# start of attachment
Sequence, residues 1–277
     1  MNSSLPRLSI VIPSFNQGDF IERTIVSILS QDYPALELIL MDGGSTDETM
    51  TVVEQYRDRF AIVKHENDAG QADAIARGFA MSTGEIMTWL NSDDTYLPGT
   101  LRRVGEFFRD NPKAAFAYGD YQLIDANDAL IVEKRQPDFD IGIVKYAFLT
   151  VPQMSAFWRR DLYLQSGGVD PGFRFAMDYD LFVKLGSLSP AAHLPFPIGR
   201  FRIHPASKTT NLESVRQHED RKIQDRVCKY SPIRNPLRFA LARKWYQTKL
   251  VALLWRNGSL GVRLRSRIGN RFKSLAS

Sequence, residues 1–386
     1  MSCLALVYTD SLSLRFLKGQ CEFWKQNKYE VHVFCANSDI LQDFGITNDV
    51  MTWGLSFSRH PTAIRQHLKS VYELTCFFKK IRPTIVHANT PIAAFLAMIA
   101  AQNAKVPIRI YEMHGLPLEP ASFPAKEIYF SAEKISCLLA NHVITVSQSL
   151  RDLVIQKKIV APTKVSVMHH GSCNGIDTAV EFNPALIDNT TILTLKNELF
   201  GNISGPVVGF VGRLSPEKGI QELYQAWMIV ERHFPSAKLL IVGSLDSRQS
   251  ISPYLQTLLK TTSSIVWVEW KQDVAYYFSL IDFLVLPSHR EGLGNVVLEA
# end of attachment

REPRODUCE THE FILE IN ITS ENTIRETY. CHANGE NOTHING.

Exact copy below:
Sequence, residues 1–277
     1  MNSSLPRLSI VIPSFNQGDF IERTIVSILS QDYPALELIL MDGGSTDETM
    51  TVVEQYRDRF AIVKHENDAG QADAIARGFA MSTGEIMTWL NSDDTYLPGT
   101  LRRVGEFFRD NPKAAFAYGD YQLIDANDAL IVEKRQPDFD IGIVKYAFLT
   151  VPQMSAFWRR DLYLQSGGVD PGFRFAMDYD LFVKLGSLSP AAHLPFPIGR
   201  FRIHPASKTT NLESVRQHED RKIQDRVCKY SPIRNPLRFA LARKWYQTKL
   251  VALLWRNGSL GVRLRSRIGN RFKSLAS

Sequence, residues 1–386
     1  MSCLALVYTD SLSLRFLKGQ CEFWKQNKYE VHVFCANSDI LQDFGITNDV
    51  MTWGLSFSRH PTAIRQHLKS VYELTCFFKK IRPTIVHANT PIAAFLAMIA
   101  AQNAKVPIRI YEMHGLPLEP ASFPAKEIYF SAEKISCLLA NHVITVSQSL
   151  RDLVIQKKIV APTKVSVMHH GSCNGIDTAV EFNPALIDNT TILTLKNELF
   201  GNISGPVVGF VGRLSPEKGI QELYQAWMIV ERHFPSAKLL IVGSLDSRQS
   251  ISPYLQTLLK TTSSIVWVEW KQDVAYYFSL IDFLVLPSHR EGLGNVVLEA